In fact, the six-page HHS release doesn't mention a word about the debate over whether patients in health plans should have legislated guarantees, including the right to sue their HMOs for denial of treatment. Although Bush is on record as being in favor of patients' rights, he's opposed to a proposal authored by Sen. John McCain (R-Ariz.).
McCain, who was Bush's main rival for the Republican presidential nomination, wants to set a higher ceiling for liability claims than the President does. Still, many Republicans, as well as Democrats, are backing the McCain reforms.
What Bush has proposed is an "Immediate Helping Hand" program for poor seniors to help them buy prescription drugs. The $46-billion dollar plan would be administered by the states as a stopgap until more comprehensive Medicare reforms are passed. For that, Bush is suggesting a 10-year, $153-billion overhaul that would revamp the system to make it more competitive with the private marketplace.
Even so, Reischauer says the transition will be difficult. "In a way, we've promised more than we can deliver, and one aspect of the promise is the extent to which low-income people would be subsidized. ... It's expensive is what it is. If you ask me, what you get is a pretty chintzy benefit," he says.
Also during his first 100 days, Bush also unveiled a proposal to provide tax credits to help low-income people buy insurance. The benefit would be $1,000 for individuals and $2,000 for couples, which the administration says would cover 6 million more people. But Reinhardt argues more needs to be done to assist the 40-million-plus Americans who still have no coverage.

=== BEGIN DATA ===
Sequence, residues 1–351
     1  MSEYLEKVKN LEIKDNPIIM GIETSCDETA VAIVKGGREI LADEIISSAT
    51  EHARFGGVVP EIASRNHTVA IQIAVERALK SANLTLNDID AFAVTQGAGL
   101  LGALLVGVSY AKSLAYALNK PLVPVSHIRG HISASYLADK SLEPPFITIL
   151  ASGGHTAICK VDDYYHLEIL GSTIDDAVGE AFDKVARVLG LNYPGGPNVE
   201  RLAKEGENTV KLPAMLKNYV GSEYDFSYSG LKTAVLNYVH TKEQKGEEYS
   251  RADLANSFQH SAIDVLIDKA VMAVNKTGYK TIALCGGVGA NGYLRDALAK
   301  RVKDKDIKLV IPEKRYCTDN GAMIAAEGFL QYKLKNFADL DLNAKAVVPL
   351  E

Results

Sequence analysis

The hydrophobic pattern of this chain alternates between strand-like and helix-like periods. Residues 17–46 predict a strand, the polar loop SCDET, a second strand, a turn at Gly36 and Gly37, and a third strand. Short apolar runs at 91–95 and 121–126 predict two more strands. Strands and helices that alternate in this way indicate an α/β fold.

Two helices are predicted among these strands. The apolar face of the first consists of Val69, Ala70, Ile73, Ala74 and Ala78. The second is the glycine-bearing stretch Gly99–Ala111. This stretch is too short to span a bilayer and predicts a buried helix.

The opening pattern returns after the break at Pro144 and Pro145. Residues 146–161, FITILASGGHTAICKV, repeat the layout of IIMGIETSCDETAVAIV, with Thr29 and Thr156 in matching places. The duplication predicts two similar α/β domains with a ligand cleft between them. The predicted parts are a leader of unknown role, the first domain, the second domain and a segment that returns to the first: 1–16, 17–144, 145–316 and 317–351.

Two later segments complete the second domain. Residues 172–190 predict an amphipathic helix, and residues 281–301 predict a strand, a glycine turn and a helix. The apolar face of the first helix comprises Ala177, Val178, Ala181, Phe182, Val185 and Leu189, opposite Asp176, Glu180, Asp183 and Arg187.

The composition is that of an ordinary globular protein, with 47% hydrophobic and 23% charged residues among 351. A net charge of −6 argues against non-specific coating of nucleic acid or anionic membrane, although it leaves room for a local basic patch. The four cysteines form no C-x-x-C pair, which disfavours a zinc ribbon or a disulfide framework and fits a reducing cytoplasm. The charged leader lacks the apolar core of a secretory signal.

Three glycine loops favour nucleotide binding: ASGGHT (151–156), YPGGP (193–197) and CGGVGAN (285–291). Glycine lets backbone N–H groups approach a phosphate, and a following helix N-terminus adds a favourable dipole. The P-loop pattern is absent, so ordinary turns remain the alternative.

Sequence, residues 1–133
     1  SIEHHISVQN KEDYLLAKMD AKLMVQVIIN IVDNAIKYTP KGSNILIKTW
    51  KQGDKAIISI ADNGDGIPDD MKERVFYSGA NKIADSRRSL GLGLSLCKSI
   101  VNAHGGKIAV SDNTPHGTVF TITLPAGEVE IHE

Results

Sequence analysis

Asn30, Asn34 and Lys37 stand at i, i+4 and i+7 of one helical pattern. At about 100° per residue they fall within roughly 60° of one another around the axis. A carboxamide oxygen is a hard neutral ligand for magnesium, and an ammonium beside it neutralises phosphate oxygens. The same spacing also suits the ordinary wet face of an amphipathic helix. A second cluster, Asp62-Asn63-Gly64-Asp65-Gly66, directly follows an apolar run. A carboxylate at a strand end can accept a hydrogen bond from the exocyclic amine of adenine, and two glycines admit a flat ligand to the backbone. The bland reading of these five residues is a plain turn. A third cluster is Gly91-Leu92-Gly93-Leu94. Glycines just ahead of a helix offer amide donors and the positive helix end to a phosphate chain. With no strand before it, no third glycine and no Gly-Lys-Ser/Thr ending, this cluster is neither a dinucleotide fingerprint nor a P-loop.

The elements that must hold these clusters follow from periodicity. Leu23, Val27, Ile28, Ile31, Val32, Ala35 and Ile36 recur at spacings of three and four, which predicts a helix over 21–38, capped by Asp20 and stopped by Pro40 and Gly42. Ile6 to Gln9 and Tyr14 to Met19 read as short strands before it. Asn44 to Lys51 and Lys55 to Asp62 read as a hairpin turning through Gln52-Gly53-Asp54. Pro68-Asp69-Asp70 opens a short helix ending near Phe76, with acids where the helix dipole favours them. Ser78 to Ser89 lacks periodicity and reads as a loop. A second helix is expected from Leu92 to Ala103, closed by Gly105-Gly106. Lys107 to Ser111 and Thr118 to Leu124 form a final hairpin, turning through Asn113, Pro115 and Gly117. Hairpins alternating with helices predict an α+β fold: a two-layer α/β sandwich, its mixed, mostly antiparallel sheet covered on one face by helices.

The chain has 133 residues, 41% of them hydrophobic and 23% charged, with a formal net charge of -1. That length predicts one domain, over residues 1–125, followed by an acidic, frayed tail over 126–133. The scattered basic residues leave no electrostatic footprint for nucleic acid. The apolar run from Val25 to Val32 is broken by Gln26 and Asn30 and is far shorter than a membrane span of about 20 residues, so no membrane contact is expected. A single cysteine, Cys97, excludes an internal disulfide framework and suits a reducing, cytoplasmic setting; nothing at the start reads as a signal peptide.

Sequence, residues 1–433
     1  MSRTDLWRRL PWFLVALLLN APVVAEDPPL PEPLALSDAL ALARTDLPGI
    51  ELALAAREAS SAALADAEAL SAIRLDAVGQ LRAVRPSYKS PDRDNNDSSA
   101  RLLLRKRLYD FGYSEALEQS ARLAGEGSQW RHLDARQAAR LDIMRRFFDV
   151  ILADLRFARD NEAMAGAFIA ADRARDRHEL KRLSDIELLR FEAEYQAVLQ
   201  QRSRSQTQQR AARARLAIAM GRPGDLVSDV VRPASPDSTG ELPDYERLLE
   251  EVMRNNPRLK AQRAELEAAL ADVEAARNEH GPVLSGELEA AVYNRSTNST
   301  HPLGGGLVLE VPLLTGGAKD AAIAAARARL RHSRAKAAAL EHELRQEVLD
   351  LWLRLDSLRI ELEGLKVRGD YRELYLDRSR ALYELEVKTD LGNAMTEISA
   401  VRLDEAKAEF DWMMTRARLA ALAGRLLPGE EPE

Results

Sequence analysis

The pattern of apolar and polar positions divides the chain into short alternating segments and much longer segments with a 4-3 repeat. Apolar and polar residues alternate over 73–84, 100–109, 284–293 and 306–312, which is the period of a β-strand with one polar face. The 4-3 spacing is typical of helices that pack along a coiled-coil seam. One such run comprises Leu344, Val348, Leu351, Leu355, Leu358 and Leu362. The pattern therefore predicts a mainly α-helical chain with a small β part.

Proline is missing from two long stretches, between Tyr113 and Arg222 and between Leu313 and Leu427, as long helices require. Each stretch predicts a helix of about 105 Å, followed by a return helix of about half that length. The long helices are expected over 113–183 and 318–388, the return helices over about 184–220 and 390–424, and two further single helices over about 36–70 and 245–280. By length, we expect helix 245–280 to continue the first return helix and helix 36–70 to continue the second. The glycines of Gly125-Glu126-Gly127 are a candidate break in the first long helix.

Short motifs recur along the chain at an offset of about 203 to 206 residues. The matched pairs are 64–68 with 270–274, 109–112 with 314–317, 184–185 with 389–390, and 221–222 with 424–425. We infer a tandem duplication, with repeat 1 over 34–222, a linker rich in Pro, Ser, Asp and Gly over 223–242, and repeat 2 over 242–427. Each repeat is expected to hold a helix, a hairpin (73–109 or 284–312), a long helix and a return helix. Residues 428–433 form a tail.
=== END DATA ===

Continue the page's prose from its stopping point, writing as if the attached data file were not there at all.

In fact, Reinhardt says the Bush administration, like it or not, will have to expand existing entitlement programs.
"They will hate to do this, but eventually Republicans always do things they hate. After all, who put in administered prices, which is really a Soviet-style kind of price determination? Reagan, with the Medicare fee schedule," says Reinhardt.
So far the Bush team has not committed itself to the controversial issue of federal funding for fetal stem cell research. The technology offers hope for treating dozens of chronic diseases but requires the use of tissue derived from human embryos.